Yes, there is the nuisance of having your particulars of claim or plea excepted in terms of rule 23. But that is only a dilatory thing. It slows down the pace with which you may want to reach finality of the litigation. And your client may be ordered to pay the costs in exception. But, in the final analysis, the outcome of the trial does not depend on your pleading being set aside on exception. The quality of the evidence presented by your witnesses, and how you marshal your witnesses, is what tends to win trials. Yes, some judges are forgetful, and may need help by way of closing argument to remind them of what the evidence was during a week-long trial (in some instances longer). Some judges may ask for written argument instead of setting a date for oral argument. But, by and large, witnesses win trials, not counsel. Your role as counsel is to ask them the right questions in a proper and acceptable way in order to elicit the right response and as few interventions from your opponent (or the judge) as possible. In order to do that successfully, you need to know the Law – both procedural law and substantive law. So, I’d say in trial proceedings, pleadings account for 40%, the performance of witnesses accounts for 50%, and written argument accounts for 10% – depending on your assessment of the judge’s senility. Of course, it’s not one size fits all. Use your own judgment. Each case is different.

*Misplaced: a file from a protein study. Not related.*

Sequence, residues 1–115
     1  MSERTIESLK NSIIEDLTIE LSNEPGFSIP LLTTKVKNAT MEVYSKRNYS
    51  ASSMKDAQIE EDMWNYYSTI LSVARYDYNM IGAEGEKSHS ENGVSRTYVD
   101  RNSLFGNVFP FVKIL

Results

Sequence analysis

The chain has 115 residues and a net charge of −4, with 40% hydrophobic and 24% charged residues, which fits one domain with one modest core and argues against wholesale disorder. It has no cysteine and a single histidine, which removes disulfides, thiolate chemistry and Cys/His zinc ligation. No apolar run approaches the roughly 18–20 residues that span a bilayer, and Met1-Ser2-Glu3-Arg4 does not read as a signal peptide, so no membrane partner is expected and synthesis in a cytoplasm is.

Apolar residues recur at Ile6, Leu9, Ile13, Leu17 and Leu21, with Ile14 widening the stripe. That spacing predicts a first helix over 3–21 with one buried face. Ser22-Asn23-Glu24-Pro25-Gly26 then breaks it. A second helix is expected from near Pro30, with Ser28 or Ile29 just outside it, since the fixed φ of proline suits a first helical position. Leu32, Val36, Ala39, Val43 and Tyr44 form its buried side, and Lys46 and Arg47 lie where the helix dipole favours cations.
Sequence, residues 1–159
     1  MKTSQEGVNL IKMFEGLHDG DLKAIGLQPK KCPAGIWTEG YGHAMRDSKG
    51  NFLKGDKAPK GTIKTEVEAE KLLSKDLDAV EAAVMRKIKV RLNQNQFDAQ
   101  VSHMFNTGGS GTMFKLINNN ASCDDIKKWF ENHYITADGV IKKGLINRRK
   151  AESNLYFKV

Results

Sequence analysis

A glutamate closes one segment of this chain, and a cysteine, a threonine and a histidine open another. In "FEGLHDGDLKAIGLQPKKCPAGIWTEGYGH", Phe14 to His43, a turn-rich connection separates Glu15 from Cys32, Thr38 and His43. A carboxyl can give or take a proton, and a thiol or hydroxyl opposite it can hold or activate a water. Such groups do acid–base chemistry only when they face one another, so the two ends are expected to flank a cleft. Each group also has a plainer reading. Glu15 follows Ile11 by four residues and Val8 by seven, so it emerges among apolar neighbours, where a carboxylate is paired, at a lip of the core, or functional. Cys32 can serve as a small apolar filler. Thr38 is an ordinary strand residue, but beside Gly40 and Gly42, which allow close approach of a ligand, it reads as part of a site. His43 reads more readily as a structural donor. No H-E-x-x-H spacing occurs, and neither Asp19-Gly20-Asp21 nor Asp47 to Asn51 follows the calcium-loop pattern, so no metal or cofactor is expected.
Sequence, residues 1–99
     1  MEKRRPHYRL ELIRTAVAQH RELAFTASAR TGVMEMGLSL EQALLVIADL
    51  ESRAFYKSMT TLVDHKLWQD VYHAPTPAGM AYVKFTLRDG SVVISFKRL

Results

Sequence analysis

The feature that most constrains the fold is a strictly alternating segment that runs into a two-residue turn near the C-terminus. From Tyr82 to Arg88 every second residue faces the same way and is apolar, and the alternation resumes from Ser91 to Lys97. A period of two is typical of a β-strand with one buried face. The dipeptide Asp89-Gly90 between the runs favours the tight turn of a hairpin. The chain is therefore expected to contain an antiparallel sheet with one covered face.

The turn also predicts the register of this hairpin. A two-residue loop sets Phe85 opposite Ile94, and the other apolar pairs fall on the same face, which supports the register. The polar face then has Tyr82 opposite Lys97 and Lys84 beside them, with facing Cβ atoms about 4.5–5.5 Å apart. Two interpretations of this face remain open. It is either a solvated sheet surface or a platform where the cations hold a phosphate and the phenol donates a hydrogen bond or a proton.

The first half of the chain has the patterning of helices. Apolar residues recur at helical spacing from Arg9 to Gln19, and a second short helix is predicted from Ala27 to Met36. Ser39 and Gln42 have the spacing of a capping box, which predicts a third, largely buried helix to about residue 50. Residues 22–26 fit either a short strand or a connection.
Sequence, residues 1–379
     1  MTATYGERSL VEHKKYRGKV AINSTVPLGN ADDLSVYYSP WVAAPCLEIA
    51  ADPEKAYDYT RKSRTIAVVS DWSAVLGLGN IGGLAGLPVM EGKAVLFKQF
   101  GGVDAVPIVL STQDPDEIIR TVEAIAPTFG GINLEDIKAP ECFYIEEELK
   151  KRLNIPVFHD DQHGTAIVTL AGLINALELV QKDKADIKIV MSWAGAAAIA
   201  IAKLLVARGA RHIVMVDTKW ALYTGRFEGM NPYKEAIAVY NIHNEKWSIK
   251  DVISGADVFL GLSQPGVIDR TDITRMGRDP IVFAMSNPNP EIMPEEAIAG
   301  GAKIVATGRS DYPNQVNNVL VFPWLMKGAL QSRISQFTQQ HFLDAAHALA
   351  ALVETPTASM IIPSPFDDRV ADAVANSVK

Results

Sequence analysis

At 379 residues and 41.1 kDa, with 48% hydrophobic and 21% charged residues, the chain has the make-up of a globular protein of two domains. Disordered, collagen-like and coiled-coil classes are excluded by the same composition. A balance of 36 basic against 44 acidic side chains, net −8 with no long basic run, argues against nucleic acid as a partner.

Knowledge of the law is crucial to effective drafting. You can’t draft a founding affidavit in an application for an interim interdict if you don’t know what the requirements for an interim interdict are. You can’t draft an answering affidavit to such an application if you don’t know that either. You can’t draft particulars of claim in a condictio indebiti claim, or in a defamation claim, if you don’t know the essential averments to make in each such claim. Your particulars of claim are likely to be tossed out in an exception (rule 23) for failure to disclose a cause of action. Your application is likely to be thrown out, too, for failure to make a case for the relief sought. You have to know that rule 23 (or an exception procedure) does not apply in motion proceedings. There is a Full Bench decision of the Johannesburg High Court to this effect. So, you cannot except to a founding affidavit. You cannot except to a notice either, whether that is in trial proceedings or in motion proceedings. You can only except to a pleading. There is case law on this too. There are cases that explain what a “pleading” is. A “notice” is not a pleading. You’ve got to know this.
You’ve got to know in which circumstances a Rule 30 application (for irregular process) is permissible. You’ve got to know when it is tactically sound to pursue a Rule 30 application because sometimes, even though the procedure may be available to you (permissible), it may not be a tactically sound approach to take.
You need to know when to compel production of a document and when to let it go. Many litigants, particularly institutional litigants, are not shy to deny the existence of an “incriminating” document in a rule 53 review application, when everyone knows (or when it is clear from the facts that it does indeed exist). A fight about whether or not the document exists, and therefore must be produced, could drag you as far as the Constitutional Court, while your review application is pushed back. Your client may not have the time or money to be fighting interlocutory skirmishes about the production of documents. You’ve got to have the tactical sense to know whether your review can succeed without the document, or whether your client’s entire case hangs on the production of that document. That comes with experience. Knowing the law on these matters is crucial.